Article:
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Gay marriage is no different, should be accepted

Religious Reflections

Published: Thursday, September 27, 2012

Updated: Thursday, September 27, 2012 15:09

Four years ago, my best friend Matt told me he was gay. I was so proud of him for opening up and accepting himself. Since we were young, Matt and I had been imagining our weddings; however, gay marriage is not legal in the United States.

Technically, the Church and State are supposed to be two completely separate institutions that stand on their own. Yet, the main reason gay marriage is not legalized is because conservative, religious groups believe it is immoral and against God.

However, I ask one main question: How can love be against God? If God creates everyone, why would he create someone he thought was wrong and immoral? God would not make someone he did not love.

Being gay is not a choice. No one decides to whom they are attracted or whom they love. If we could decide whom we love, everyone would be so much happier and there would be no more heartache. When Matt told his family he was gay, his sister asked how long he had known. He told her he always knew, and then said, “I played Barbies with you.”

In my opinion, gay marriage should be legal and should be accepted by all religious groups. Who are we as humans to dictate whom others can marry and love? We are not God and do not know his master plan or what he believes.

Going to Catholic schools my whole life, I have heard many times over the Christian view on why gay marriage is wrong.

Yet, homosexuality has not recently popped up on our radar; it has been going on since the beginning of time.

In ancient times, laws about sexuality were few. No one really cared how people acted or expressed their sexual appetites. The gods of antiquity did not care how the citizens behaved. Perhaps we should adopt these ways.

Today, religious groups claim that God forbids homosexuality. However, how does anyone know what God is thinking, and why would he all of the sudden care about gay people? If he really did not like gay people, he would not have made them, or he would have stopped homosexuality long ago.

At Loyola, we have such diversity and a great acceptance towards gay people. I have made so many amazing friends that I am so proud of because they are unashamed. I love that at Loyola no one needs to be afraid of who they are.

Matt is not my only gay friend and I am looking forward to the day that I can go to each of their weddings. I want to be a bridesmaid at my friends’ weddings and I want to be the godmother to their children.

One day, all of those things will come true. One day my friends will be able to marry whomever they love.

Kaitlyn O’Connor is a history sophomore and can be reached at
kfoconno@loyno.edu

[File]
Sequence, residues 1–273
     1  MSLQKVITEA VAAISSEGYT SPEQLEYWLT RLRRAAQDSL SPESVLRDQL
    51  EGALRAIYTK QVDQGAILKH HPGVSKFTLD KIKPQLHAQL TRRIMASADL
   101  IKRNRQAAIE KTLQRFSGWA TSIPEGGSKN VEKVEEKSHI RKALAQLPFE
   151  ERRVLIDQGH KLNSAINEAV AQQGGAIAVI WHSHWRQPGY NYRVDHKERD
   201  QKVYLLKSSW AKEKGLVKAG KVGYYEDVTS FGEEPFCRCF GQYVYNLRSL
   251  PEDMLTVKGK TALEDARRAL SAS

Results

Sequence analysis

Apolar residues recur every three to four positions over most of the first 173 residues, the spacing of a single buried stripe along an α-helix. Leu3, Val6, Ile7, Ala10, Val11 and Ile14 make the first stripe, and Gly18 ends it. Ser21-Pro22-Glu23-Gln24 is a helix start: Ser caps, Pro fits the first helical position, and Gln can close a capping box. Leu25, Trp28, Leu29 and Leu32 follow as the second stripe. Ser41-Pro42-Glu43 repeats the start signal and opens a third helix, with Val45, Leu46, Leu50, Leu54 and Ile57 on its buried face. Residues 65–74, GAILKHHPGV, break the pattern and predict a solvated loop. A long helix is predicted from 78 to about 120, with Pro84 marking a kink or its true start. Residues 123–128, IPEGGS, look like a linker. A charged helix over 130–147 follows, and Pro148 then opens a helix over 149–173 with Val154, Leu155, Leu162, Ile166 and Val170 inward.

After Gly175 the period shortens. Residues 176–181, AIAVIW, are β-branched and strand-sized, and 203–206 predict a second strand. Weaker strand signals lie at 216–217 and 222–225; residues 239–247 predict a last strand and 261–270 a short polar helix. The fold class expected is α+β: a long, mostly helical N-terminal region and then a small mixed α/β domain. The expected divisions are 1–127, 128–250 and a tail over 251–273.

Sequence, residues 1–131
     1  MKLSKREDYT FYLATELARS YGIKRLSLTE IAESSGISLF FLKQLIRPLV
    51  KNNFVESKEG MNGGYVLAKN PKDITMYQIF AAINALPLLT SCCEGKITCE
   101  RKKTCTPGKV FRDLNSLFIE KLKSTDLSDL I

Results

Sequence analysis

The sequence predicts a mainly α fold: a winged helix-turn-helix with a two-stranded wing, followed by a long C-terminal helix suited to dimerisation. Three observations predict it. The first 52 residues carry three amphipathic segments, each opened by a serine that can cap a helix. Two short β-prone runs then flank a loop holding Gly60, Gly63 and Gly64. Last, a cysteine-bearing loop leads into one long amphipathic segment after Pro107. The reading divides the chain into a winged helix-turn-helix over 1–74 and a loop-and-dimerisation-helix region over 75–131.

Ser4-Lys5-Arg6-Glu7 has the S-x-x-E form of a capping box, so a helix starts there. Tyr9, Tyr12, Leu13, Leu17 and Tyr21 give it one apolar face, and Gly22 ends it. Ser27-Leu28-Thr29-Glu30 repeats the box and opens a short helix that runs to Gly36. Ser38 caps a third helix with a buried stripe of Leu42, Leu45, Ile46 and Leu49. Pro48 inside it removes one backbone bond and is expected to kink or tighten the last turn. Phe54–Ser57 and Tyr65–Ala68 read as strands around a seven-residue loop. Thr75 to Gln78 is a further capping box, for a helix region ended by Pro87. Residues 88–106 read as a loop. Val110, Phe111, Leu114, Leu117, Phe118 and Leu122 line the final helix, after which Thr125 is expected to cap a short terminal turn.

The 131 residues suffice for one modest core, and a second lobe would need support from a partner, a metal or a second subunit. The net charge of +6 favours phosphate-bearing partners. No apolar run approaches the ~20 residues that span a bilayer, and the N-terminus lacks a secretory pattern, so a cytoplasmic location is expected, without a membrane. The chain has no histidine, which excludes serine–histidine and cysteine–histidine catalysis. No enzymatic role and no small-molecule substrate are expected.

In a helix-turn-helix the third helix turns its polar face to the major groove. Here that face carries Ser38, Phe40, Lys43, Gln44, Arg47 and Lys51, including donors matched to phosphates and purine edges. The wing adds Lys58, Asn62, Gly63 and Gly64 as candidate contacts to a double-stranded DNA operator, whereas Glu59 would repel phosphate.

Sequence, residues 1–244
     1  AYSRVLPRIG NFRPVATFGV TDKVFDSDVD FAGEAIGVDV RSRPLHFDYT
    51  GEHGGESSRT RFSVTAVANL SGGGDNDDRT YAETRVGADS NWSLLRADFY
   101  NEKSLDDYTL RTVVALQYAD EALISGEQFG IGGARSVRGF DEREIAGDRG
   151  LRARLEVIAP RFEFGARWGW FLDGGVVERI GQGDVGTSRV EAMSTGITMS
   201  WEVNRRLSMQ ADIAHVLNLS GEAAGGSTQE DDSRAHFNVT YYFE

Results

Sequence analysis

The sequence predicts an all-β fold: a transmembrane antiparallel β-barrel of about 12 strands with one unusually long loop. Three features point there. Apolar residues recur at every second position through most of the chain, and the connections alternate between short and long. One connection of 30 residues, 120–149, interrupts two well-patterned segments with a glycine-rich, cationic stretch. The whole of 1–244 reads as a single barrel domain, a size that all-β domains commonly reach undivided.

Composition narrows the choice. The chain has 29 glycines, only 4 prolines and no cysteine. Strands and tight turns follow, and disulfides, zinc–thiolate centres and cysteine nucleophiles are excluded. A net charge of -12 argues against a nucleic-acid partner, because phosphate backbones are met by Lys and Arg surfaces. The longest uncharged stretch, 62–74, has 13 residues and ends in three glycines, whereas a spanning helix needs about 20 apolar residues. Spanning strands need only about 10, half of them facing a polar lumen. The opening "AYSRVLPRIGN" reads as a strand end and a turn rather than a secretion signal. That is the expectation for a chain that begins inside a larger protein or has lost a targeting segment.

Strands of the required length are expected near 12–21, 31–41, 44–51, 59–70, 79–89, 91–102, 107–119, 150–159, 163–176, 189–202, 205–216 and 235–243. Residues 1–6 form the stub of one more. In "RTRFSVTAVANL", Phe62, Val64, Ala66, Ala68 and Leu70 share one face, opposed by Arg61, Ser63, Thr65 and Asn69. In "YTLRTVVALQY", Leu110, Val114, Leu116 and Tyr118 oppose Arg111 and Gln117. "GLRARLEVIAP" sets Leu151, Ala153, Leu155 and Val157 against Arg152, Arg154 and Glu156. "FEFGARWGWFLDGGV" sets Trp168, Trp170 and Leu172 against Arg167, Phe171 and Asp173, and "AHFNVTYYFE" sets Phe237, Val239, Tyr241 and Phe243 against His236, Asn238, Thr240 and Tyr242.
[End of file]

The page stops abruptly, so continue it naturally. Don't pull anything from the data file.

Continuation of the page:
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Anonymous
Mon Oct 8 2012 18:59
I would like to ask the bigot who posted on Oct. 6 one question: On what date did you choose to be straight rather than bi or gay?
Daniel Quick
Mon Oct 8 2012 15:40
Commenters,

If you're interested in extending your thoughts on any of the subjects in the Maroon, please feel free to send them to dtquick@loyno.edu or letter@loyno.edu. If they are a minimum of 450 words, we'd be happy to publish them at some point in the future.

Best,
Daniel Quick, Op/Ed editor

Anonymous
Sun Oct 7 2012 03:08
To the person that said " Guess you haven't hd children. I never saw any of mine coming from the womb with a sexual preference", all children are born with certain traits (although, they can be altered/enforced by their environment while growing up), character traits, emotional traits, etc, and you can't see ANY of these in a newborn infant. Wake up and and let the hatred leave your heart. You'll feel a lot better. The gay rights movement of today is the modern version of the civil rights movement. During our children't generation, people that spout hate like you will be viewed in the same light that KKK members and those that sprayed African-Americans with fire hoses are viewed in today.
Elizabeth
Sat Oct 6 2012 20:02
People that sit here and mock the writer or The Maroon obviously have no life. So someone wrote a column expressing their opinion, it doesn't really matter. This is material that is printed in a college newspaper so why are you wasting your time sitting here bashing the writer or the editors for what they put in the paper. It isn't harming you in any way and again, they are a college newspaper so get the fuck over it.
Anonymous
Sat Oct 6 2012 10:06
LOL! "People are born gay". Guess you haven't hd children. I never saw any of mine coming from the womb with a sexual preference. "People do not hve a choice in ho they love." Thank God I am not your man with your fickle heart. The author of this article has alot to learn about life.
Anonymous
Thu Oct 4 2012 15:23
1) What happens tomorrow does not change the law today.
2) Stating that it will be declared unconstitutional is a BIG assumption. We'll just have to wait to see what happens there.
Anonymous
Thu Oct 4 2012 14:54